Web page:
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How would I get Sublime Text 3 to recognize file type (i.e. set syntax and build system) based on a files header?

For example: If the first line of a file was <!DOCTYPE html>, it would be recognized as an HTML file or if the first line in a file was #!/usr/bin/env python3 it would know it is a Python 3 file.

I know normally file extensions would dictate this, but I am using Linux and a lot of these files don't have extensions because they are commands.

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Syntax definitions have a first_line_match rule, for example:

HTML: https://github.com/sublimehq/Packages/blob/master/HTML/HTML.sublime-syntax#L12

 first_line_match: (?i)<(!DOCTYPE\s*)?html

PHP: https://github.com/sublimehq/Packages/blob/master/PHP/PHP.sublime-syntax#L13

first_line_match: '^(#!.*[^-]php[0-9]?|<\?php)\b'

SHELL: https://github.com/sublimehq/Packages/blob/master/ShellScript/Shell-Unix-Generic.sublime-syntax#L18

first_line_match: '^#!.*\b(bash|zsh|sh|tcsh)|^#\s*-\*-[^*]*mode:\s*shell-script[^*]*-\*-'

See the syntax definitions documentation for more details.

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ApplySyntax plugin does handle cases, when you need different syntax for files with the same extension and many more.

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To expand on Gerard Roche's answer, if you're wondering how to find these syntax definition files in Sublime Text 3, I found this answer helpful.

To summarize: on MacOS X, the package files live at /Applications/Sublime Text.app/Contents/MacOS/Packages and are all zip files even if they don't show the extension. To change the syntax definitions,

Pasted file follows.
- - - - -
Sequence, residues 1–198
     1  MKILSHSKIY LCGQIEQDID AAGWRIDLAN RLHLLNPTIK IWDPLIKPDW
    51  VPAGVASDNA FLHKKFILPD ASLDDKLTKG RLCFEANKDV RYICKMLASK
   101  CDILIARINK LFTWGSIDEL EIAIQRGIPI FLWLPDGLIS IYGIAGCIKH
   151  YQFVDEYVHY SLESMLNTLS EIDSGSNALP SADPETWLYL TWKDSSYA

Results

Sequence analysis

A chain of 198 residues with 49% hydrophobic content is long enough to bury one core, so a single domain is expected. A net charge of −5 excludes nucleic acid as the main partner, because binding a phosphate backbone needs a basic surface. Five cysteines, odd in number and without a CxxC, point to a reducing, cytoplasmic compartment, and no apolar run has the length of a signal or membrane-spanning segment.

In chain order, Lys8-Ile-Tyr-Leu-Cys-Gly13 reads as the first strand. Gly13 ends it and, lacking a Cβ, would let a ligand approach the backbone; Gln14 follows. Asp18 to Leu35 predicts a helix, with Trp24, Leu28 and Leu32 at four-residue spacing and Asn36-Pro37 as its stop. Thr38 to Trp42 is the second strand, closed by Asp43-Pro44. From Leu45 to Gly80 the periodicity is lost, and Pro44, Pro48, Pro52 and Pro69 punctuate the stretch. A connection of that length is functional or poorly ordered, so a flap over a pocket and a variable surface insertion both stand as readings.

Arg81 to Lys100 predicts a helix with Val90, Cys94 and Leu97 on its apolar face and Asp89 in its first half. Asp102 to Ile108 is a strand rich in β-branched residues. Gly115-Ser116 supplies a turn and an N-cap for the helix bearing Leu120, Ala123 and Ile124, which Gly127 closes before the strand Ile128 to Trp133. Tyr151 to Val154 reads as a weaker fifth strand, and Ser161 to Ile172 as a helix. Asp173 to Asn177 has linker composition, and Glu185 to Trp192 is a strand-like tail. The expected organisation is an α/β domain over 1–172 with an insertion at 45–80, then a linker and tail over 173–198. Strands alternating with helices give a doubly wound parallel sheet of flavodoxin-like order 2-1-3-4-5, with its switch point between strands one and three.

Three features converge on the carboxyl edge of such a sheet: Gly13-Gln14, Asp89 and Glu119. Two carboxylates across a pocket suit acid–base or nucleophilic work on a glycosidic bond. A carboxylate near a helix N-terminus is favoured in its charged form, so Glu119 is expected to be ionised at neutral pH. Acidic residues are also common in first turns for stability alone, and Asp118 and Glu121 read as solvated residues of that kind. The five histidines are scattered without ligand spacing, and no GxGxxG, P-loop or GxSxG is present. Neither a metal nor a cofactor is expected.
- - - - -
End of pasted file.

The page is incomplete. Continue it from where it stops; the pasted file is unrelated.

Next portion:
1. Create a new folder where you'll unzip to (if you unzip in place, it's harder to keep track of all the files).
  2. Copy the language file you wish to modify into this folder and unzip it. Then rename the previous language file as a backup.
  3. Open the <Language>.sublime-syntax file and change the first_line_match rule to whatever you need.
  4. Zip all of the files back together again using a no-compression zip, name the zip file the same as the original file and then move it back out to the Packages folder.

Thanks to xmnboy for pointing out that the zip files can't be compressed.

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    BTW -- when you zip your new language package you need to perform a no compression zip, otherwise Sublime may have trouble unzipping the <language>.sublime-package file. At the command-line, this is done by using the zip -0 option.
    – xmnboy
    Apr 2 '20 at 3:26
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To expand on Gerard Roche's answer, instead of zipping files back in step 4:

  • save modified <Language>.sublime-syntax file to ~/.config/sublime-text-3/Packages/User/ directory. Sublime text will load it automatically.

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